Finally, a magazine that has a big piece of her heart: Your Impossible Voice. Which just came out with Issue # 7. And has been doing more copies in print, which have been selling briskly.

Stay tuned, dear blog readers. Stay tuned.

Fresh 3: Landscapes with Snow

Being in the East Coast during a heavy snowfall is just . . . magical!

Some pictures of freshly fallen snow, to go with this week’s WordPress Photo Challenge, FRESH:

Spring 2015 on the Northeast Coast

Spring 2015 on the Northeast Coast

Chilly scenes of Spring 2015

Chilly scenes of Spring 2015

Fresh Snow: Spring 2015

Fresh Snow: Spring 2015

Still reading Roberto Bolaño’s 2666. Since it’s over 800 pages long, and self’s only got as far as p. 148, she wonders if she’ll ever get to finish it. But anyhoo, here’s an excerpt from the page self is on:

I stopped in front of a kind of landscape, a Surrey landscape from John’s earlier period, that looked to me at once sad and sweet, profound and not at all grandiloquent, an English landscape as only the English can paint them. All at once I decided that seeing this one painting was enough . . .

Stay tuned, dear blog readers. Stay tuned.

2666: Moving BACKWARDS

Today, self awoke in near-dark (pretty much par for the course, the past week).

She reached for Roberto Bolaño.

Decided to quote from the page she’s on.

Checked the last post she wrote on Roberto Bolaño.

Amazing, she’s apparently moved backwards.

lol

Without further ado:

She sat at the windowsill and looked out at the city. A sea of flickering lights stretched toward the south. If she leaned half her body out the window, the humming stopped. The air was cold and felt good.

— Roberto Bolaño, 2666, p. 108

Yesterday, self stood at the bottom of Ukiah Street, staring at the headlands. And it was cold. And there was a chill wind. And she felt it whipping her thin hair practically off her scalp.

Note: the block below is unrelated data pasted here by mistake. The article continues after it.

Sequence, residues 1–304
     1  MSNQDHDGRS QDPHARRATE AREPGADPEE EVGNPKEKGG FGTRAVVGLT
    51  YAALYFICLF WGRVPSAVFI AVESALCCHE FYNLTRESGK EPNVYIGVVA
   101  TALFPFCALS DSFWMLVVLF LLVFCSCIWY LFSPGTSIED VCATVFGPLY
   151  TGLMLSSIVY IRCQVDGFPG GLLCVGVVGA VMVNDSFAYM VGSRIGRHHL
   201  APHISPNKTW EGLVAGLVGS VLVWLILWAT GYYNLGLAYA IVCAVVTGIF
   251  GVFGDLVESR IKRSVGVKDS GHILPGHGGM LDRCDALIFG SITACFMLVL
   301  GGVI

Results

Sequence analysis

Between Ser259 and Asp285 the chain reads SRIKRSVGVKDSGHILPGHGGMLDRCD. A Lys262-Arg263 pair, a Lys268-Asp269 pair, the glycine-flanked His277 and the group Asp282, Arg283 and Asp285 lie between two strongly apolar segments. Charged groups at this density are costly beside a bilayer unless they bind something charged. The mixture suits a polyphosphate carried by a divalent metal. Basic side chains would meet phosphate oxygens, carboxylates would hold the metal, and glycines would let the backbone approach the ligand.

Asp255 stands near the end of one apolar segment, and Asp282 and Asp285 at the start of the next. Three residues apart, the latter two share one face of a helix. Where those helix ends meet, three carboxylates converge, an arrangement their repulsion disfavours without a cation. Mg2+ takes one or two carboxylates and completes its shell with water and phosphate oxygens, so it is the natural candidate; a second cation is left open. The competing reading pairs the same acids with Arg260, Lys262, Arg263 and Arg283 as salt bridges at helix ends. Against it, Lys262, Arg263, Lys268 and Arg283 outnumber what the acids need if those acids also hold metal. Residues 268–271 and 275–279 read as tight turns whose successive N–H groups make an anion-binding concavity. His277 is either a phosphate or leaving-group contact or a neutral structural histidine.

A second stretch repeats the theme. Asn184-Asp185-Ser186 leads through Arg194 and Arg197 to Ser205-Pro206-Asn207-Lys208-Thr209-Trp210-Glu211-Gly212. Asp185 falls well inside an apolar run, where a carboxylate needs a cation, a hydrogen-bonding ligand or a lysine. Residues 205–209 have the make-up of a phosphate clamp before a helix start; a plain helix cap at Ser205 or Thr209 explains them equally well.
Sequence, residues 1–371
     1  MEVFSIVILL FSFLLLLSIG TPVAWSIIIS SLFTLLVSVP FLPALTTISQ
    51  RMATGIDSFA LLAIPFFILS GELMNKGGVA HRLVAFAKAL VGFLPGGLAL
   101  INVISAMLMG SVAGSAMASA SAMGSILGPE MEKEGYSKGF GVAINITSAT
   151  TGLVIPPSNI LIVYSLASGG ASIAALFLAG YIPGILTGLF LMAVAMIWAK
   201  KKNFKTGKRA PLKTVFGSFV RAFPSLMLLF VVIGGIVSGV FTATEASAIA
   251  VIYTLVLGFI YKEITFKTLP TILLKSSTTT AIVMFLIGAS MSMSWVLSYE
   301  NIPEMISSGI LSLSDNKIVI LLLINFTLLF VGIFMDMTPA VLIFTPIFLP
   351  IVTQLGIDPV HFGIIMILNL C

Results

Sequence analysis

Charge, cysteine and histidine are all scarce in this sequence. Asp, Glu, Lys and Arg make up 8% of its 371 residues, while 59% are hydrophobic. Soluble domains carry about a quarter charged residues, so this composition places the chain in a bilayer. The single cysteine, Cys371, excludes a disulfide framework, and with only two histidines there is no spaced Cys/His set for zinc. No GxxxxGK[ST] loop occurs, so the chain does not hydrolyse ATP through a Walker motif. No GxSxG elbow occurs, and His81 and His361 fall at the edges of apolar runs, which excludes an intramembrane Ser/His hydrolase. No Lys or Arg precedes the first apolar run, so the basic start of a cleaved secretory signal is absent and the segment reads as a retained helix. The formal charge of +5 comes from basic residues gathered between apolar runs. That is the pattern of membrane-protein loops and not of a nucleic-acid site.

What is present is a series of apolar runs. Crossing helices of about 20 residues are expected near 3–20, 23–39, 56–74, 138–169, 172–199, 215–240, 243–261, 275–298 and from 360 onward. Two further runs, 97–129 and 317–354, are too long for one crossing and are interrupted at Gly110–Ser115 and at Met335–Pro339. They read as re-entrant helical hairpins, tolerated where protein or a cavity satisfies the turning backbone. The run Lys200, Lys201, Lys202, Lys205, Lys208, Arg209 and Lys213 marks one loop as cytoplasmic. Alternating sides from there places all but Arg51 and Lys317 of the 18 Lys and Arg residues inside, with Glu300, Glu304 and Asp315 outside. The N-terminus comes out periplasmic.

The cold that self has felt building up for days finally arrived in earnest. And she can even point to the exact time it hit: Thursday, 8:09 a.m.

She ended up running to Corners of the Mouth Organic Market and telling Vicki: I am going to be extremely busy in the coming week. And I feel something coming on. Can you give me something that will at least keep me ambulatory.

Here’s what she ended up giving self: zinc lozenges; Elderberry Syrup; Lung & Throat Herbal Drops; Macro-Biotic Nasal Spray; two fresh lemons to squeeze into her tea.

But the best, the absolutely best cold remedy? Peeta Mellark. Thank God for fan fiction. Would that she could spend all day in bed, just reading.

You know, she only brought a few books with her to Mendocino. In two months, she’s read exactly 2 1/4 books. (In the long-ago time of her fulsome-ness, she would have whipped through about eight)

Stay tuned, dear blog readers. Stay tuned.

Roberto Bolaño: 2666

As they left the airport, the three of them noticed how bright it was in Sonora. It was as if the light were buried in the Pacific Ocean, producing an enormous curvature of space. It made a person hungry to travel in that light, although also, and maybe more insistently, thought Norton, it made you want to bear your hunger until the end.

2666, pp. 110 -111

 

Am Reading Today, Last Tuesday of February 2015

blogs

a friend’s novel

Roberto Bolaño’s 2666

tweets about the Oscars

Sunflower Splendor: Two Thousand Years of Chinese Poetry, Co-edited by Wu-chi Liu and Irving Yucheng Lo

Here’s a poem called “Southern Mountains,” by Han Yu:

So therefore I watched a pool
Whose clear depths concealed water dragons.

Bending I could gather fish and prawns,
But who dares plunder divine beings?

About Han Yu: He was a late T’ang Dynasty poet, and a contemporary of Li Po and Tu Fu. He was born into a literary family of landed gentry in the province of Hunan. He served in several high posts in the government: Vice President of the Ministry of War, Vice-President of the Ministry of Personnel, and Metropolitan Governor. He died in Ch’ang-an in 824, at the age of 56.

Stay tuned, dear blog readers. Stay tuned.

“Place, Memoir, Journey” Workshop, This Saturday & Sunday